Personal Data Case
INTELLECT-S represents job-seeking portal in a landmark privacy intrusion, personal data case.
INTELLECT-S successfully represented Russian's oldest (online since 2000) and best-known job-seeking and online recruitment portal HeadHunter in a suit filed by a user over a personal e-mail which the user alleged was both intrusion on his privacy and mishandling his personal data.
The plaintiff who had accepted HeadHunter's terms and conditions and entered his personal data in a job-seeking form, received an e-mail by which the HH portal informed the user of a job fair and proposed to apply for participation. The user agreement did provide for the circulation of such private e-mail proposals, but the user sued HH for unlawful unsolicited advertising allegedly intruding on his privacy and mishandling his personal data.
The matter was compounded by the user's prior e-mail in which he accused HH of abuse of personal data and, instead of unsubscribing, demanding that the portal send him no more e-mails.
Represented by Svetlana Lebedeva, INTELLECT-S Senior Associate, HeadHunter convinced the court that HH had not been in breach of the Federal Law On Personal Data and that the job-fair e-mail had been no advertisement, even though the uniform user agreement permitted the defendant to circulate adverts to subscribed users. Moreover, the plaintiff had not unsubscribed and the user agreement was still in effect at the time when HH sent its job-fair e-mail, as his e-mail demand constituted no formal termination; therefore HH's job fair e-mail was legit and the user's action was groundless.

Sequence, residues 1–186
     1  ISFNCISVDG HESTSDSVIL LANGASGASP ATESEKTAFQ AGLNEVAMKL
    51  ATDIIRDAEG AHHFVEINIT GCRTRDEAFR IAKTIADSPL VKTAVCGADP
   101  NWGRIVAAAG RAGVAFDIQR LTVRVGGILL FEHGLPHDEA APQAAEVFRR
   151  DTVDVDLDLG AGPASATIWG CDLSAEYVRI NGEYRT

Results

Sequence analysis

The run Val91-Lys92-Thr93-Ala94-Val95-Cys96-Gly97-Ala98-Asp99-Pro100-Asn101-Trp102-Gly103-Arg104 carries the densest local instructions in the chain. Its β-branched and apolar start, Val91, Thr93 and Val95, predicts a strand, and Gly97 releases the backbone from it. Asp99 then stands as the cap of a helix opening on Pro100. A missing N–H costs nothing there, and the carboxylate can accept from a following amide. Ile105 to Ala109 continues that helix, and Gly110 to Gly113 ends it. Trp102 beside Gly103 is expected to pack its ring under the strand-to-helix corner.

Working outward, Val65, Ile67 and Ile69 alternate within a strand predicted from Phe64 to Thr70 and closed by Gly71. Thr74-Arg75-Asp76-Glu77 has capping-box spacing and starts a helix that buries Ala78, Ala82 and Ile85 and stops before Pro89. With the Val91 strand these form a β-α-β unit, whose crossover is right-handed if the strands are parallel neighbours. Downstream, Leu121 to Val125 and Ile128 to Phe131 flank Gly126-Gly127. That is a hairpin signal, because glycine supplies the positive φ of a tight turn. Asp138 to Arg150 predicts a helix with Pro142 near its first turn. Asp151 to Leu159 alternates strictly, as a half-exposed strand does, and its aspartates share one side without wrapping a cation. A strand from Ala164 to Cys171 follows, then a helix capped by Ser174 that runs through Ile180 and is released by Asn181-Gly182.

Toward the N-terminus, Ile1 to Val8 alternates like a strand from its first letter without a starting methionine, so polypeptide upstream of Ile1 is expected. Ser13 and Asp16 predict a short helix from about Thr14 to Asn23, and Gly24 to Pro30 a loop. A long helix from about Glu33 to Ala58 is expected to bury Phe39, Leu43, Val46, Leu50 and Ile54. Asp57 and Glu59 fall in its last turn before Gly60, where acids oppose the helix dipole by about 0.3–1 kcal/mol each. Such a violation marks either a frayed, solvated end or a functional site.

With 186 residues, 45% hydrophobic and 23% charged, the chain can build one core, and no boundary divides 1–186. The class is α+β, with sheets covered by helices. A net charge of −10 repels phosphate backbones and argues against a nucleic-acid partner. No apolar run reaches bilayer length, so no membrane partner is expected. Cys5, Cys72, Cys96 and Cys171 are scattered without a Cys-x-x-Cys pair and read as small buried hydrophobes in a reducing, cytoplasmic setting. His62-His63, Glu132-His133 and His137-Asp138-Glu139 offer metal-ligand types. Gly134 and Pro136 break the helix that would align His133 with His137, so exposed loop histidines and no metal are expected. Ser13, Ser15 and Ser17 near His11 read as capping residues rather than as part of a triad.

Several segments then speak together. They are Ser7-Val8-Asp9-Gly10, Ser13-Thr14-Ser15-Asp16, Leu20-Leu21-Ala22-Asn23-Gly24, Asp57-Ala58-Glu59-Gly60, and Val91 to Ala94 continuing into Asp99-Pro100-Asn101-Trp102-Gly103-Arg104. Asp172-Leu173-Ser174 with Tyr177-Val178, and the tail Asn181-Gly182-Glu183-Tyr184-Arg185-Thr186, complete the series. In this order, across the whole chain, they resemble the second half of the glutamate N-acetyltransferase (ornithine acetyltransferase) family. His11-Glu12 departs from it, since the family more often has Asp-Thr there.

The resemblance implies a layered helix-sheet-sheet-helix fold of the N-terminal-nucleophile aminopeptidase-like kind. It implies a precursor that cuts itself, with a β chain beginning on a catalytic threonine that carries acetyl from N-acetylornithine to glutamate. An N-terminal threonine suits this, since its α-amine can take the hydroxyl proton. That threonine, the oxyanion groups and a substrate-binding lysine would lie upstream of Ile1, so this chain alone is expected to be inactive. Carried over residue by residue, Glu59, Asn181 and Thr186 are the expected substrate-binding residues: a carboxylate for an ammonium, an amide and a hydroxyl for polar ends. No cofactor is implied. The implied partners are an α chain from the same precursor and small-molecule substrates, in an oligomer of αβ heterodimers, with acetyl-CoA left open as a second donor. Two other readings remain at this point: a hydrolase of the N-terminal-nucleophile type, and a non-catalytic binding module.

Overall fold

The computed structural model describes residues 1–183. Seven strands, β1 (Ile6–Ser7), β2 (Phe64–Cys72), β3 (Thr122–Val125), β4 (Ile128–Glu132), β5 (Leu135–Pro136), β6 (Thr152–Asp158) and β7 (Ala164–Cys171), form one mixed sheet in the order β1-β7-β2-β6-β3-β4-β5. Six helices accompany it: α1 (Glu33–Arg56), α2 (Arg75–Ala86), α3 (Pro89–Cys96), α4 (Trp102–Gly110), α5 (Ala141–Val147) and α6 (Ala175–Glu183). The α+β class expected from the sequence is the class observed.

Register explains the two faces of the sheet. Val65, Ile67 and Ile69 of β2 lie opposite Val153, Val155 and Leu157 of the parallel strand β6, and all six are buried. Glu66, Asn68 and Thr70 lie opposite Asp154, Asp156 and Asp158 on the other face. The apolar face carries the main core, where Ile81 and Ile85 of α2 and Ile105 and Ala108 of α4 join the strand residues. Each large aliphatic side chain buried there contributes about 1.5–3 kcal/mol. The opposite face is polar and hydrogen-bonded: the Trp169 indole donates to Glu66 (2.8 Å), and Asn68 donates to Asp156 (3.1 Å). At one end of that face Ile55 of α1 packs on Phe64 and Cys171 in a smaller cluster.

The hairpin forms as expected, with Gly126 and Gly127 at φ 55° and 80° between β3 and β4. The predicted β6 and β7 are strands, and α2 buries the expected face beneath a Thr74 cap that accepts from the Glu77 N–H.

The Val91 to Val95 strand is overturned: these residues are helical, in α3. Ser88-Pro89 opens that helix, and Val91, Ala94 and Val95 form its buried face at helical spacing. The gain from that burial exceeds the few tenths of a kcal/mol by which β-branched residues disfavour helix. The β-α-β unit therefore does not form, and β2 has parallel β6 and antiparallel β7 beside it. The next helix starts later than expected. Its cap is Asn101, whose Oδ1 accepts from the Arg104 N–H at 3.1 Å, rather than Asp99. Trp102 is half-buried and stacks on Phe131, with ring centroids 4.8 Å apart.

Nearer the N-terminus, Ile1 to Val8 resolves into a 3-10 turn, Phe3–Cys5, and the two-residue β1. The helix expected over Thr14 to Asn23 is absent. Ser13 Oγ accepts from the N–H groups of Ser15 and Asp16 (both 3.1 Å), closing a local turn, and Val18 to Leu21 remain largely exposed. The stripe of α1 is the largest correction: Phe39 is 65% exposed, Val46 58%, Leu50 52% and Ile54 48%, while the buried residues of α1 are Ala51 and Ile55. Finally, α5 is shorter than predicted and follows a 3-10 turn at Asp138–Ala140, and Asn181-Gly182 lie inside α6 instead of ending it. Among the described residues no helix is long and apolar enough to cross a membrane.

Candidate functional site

As a collateral issue, the defendant demonstrated that users' names, surnames and e-mail addresses did not constitute together personal data within the meaning of the term used in the personal data law, so HH was not in breach of the law either. Finally, the plaintiff failed to produce evidence that he was the legitimate owner and user of the e-mail account and address which he alleged was spammed. Convinced, the trial court ruled in favour of the defence, and the judgment stood on appeal.
The plaintiff sought RUB100,000 in damages for intrusion on privacy plus punitive damages for alleged mishandling of his personal data. The real value of the case is, however, precedential for similar future cases in the context of rising numbers of unsolicited advertising and personal data mishandling complaints and suits filed by Internet users against Internet companies with the regulators, supervisors and courts, which makes strong positive case law extremely important.